supported by a seamless transportation and storage system (temperature controlled). The active drug is in constant contact with administration device, which is equally important for quality of drugs. Since the Biosimilars are proteins molecules, they require a temperature regulated transport and storage system. Deviations from the standards in their transportation and storage may result in unexpected outcome post administration.

Due to the small size of the studies required for approval of Biosimilars, any differences in the safety profile or novel adverse effects not seen with the reference product can only be discovered after the biosimilar has been on the market through the tedious collecting and examination of post-marketing data.

A pharmaceutical product's labeling is crucial to its safe and successful use. When a patient has an AE to a drug, the label information is reviewed to determine whether a specific AE/safety concern has already been identified as a risk or is a new possible safety issue. Hence, Warnings on labels of Biosimilars must assert that the information only applies to a specific product and that “changing to another biological medical product must be approved by the prescribing practitioner, who must record the product name prescribed for PV reasons."

Pharmacovigilance (PV) Considerations for Biosimilars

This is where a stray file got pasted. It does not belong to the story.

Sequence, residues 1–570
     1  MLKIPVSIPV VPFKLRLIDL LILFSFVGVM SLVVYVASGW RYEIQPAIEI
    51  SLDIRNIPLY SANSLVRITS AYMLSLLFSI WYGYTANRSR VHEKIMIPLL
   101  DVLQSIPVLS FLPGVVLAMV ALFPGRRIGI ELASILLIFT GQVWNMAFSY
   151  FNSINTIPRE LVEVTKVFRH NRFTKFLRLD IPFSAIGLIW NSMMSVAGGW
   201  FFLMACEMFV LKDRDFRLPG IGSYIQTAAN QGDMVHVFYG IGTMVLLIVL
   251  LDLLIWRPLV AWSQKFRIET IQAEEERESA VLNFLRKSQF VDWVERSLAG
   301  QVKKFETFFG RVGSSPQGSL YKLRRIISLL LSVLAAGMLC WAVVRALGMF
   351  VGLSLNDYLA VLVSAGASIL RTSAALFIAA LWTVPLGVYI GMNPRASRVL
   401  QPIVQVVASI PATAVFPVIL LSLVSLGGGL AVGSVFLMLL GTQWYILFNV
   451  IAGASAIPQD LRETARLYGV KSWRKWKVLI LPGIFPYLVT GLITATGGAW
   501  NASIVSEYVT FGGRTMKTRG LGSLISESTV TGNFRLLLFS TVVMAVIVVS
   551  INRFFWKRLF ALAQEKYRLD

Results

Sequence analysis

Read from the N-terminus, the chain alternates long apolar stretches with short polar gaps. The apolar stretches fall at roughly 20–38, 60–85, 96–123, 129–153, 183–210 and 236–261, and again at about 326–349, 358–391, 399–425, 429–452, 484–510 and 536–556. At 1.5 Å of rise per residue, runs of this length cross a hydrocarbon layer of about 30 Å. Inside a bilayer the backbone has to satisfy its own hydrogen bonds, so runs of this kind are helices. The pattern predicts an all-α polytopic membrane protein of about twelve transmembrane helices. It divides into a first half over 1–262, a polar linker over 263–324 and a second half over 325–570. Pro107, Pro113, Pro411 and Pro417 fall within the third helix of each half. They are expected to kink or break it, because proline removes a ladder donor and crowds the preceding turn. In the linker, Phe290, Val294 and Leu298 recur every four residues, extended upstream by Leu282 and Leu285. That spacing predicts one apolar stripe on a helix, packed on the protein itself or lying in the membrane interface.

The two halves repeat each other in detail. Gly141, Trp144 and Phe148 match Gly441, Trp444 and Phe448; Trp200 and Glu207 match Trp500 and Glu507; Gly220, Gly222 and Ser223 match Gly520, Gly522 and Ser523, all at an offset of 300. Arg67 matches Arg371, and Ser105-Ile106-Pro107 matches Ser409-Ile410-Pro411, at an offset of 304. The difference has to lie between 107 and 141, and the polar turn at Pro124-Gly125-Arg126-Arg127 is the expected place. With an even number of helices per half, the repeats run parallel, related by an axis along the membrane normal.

Major regulators like EMA, United States Food and Drug Administration (USFDA) and India i.e., Pharmacovigilance Programme of India (PvPI) has published guidance related to PV of Biologics and Biosimilars.

Ø For reporting of Individual Case Study Report (ICSR), brand name and batch number were made mandatory by EU while it is not mandatory for USA and India.

Ø Lack of efficacy of Biosimilars should be thoroughly assessed for immunogenicity.

Ø Different regulators have their own requirement of aggregate reports to be submitted within stipulated timeline in different format, which include the cumulative data collected for the reporting period.

Ø Data from clinical studies are usually not enough to identify all potential gaps between the biosimilar and its innovator product. So, clinical safety of similar biological medicinal products must be monitored closely on an ongoing basis during the post-approval period, including continued risk-benefit assessment. EU and India require that the biosimilar applicant must submit a Risk Management Plan (RMP) and PV program with its application while USA requires Risk Evaluation and mitigation Strategies (REMS).

Ø The biggest issues with biosimilar are the risks associated with these products over time because of the structural variations in the molecule, as these are derived from microorganism.

It is highly anticipated that the risk–benefit ratio proven at the time of authorization may change over time by expanded use, patient characteristics, and exposure. So, pharmacovigilance should be continued for Biosimilars as long as the product is in the market.

Conclusion:

PV and risk management for Biosimilars presents several unique and significant challenges. The adoption of routine PV processes may address these issues. Moreover, the end-of-patent exclusivity in near future and technological advancements will open the new horizons for other manufacturers to sell which eventually would lead to strengthen the PV system including its quality management system for biologics.


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biosimilars Pharmacovigilance